As predicted, the next day was blown out, so no flying locally. I kited a couple of speed gliders (Bullet 12 and XT-16) but that was about it, and most everyone went into town to get food etc for the big party that night. Later in the afternoon we were fooled into thinking the winds had backed off (at least they had in the LZ) so we all trooped up to launch, and in fact it was windier than earlier in the day! Back down to the LZ and it was party time, and the beer flowed and the campfire was roaring, and it was all good. I was among the last to leave the campfire and people were snoring away all around.
Next morning it was east winds at Baldy, and predicted to manifest as north at Saddle, so a bunch of us went up Baldy for a morning flight. Up on launch it was strong east winds about 25 kph and nobody was willing to launch except Robin and I. We both waited for a lull and launched no problems, and were soon ridge soaring the east side.
Initially it was purely ridge lift, and I was able to skim the slope just like at Marina or Sand City, except the terrain was big rocks and bushes instead of nice soft sand. Not a place to touch down when wagga'ing around! The ridge is kinda small, so Robin and I were using pretty much all of it, and had somebody else launched I would have given up my spot to let somebody else have it. But nobody else did launch, and eventually the thermals kicked in and we got high over the towers and there was all of a sudden tonnes of room for lots of people. But it was even windier on launch, and nobody else could get off, so we had the whole place to ourselves.
After about 1 hour I told Robin I was heading out as it seemed to be getting windier, and we both headed out for a nice landing in light winds in the LZ. Then it was off to Saddle Mountain!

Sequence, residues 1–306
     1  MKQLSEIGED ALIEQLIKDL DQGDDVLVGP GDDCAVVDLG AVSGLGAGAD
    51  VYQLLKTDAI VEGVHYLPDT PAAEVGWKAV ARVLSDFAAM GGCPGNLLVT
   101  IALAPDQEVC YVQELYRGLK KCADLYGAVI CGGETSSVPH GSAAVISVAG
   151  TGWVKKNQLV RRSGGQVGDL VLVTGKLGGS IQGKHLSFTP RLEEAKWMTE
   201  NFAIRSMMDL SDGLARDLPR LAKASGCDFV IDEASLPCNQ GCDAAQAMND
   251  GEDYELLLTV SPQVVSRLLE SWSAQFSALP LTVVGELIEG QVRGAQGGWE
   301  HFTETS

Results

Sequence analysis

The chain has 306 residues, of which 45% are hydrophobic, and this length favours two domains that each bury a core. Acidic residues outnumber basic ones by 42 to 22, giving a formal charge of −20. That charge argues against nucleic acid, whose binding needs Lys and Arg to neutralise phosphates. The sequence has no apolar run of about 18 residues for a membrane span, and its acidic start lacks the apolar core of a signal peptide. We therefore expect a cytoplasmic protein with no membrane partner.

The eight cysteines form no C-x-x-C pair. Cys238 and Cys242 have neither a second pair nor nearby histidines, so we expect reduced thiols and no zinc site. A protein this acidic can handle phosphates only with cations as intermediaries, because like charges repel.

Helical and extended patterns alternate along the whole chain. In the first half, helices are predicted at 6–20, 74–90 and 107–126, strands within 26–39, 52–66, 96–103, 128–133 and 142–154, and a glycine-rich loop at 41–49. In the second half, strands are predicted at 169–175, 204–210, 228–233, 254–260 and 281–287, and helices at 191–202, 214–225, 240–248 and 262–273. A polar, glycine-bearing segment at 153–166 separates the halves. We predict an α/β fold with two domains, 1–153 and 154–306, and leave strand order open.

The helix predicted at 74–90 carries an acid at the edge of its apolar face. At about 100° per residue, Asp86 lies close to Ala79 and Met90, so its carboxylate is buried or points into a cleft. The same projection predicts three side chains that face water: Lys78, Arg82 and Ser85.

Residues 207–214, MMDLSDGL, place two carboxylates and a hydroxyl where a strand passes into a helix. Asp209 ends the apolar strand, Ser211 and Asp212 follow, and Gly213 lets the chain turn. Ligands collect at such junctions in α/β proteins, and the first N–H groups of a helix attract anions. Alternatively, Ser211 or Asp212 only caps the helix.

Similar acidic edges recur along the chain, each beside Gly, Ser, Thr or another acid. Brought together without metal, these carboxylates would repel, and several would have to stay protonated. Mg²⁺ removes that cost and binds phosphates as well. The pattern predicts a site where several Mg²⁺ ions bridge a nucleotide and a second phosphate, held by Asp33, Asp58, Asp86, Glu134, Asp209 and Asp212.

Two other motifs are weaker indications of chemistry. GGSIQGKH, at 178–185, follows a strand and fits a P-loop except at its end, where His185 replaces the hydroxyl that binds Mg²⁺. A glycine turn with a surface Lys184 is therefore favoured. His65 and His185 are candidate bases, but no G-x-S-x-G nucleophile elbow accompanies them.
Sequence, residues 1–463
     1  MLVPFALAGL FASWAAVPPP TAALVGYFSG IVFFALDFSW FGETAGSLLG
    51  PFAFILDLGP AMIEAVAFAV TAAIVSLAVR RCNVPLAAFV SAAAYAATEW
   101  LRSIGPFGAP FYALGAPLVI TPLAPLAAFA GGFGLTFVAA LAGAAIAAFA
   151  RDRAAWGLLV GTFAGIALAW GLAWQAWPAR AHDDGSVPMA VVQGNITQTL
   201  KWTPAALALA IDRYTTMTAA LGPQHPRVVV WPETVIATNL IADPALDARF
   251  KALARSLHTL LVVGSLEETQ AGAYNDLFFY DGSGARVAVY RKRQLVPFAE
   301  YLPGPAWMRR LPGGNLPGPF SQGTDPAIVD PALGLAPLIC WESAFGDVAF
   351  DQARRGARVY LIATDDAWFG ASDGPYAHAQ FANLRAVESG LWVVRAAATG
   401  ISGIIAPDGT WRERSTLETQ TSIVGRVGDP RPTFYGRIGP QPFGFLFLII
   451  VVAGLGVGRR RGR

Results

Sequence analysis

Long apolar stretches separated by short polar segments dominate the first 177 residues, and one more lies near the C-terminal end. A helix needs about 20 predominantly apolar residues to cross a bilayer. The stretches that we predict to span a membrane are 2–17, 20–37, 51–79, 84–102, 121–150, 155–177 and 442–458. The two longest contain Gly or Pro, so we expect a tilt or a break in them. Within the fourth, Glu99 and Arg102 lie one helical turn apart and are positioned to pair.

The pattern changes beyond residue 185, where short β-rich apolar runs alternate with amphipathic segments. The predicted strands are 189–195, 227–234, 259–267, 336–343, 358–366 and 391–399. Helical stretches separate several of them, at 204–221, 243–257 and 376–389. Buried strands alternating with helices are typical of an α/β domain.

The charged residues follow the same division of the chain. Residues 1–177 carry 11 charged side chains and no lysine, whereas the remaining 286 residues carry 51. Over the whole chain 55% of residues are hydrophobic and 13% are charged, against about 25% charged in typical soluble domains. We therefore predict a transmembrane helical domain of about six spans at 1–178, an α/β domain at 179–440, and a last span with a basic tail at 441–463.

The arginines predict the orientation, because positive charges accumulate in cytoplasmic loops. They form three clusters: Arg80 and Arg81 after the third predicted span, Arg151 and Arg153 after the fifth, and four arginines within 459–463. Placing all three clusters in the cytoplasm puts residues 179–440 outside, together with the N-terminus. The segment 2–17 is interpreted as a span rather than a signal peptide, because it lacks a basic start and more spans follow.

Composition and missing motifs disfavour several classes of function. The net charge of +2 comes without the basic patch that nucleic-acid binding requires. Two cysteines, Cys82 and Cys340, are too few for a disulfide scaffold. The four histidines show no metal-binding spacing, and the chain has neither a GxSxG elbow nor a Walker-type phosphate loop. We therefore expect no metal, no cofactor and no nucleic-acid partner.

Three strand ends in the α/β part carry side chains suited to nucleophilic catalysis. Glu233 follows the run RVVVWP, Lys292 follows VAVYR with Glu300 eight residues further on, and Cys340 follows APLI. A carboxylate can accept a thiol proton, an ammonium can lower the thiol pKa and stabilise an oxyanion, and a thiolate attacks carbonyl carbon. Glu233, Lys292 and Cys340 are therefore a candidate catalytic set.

Arriving on Saddle about 1pm it was already on, with several PG's in the air already, and about 30 more setting up. A couple of HG's joined in the fun too! Initially it was strong on launch and we were having to hold gliders down while waiting for lulls, but eventually it died off and was almost pure thermal lift at this point and not ridgy.
We had a super-fun time flying in the ridge lift and then the thermal lift, although I found myself flown out early in the day and opted to top-land and enjoy the midday sun (maybe the last really warm day of the year). Robin and Norm stayed up for much longer; Norm eventually bottom-landed as he had errands to do in Vernon, and Robin stayed up until the very end, top-landing to join me at the end of the day.
In the end we had something like 10 Canucks show up for flying at Baldy and Saddle Mountain. Super-fun on Sunday, and a nice short XC on Friday to round out the weekend. Baldy has really good XC potential, and the Seattle locals fly it all the time in the spring. If you are thinking of doing some XC next spring and the Fraser Valley is getting boring, think about Baldy. It's only about 4-4.5 hours away and is almost always sunny (a good weekend road-trip destination), and every XC-able day there are people flying it. Dave Norwood and Bob Bunger live nearby and are always willing to do site orientations and XC tips.
Pictures of the weekend can be found here.
Here's a short video Dave Norwood shot of the flying this weekend!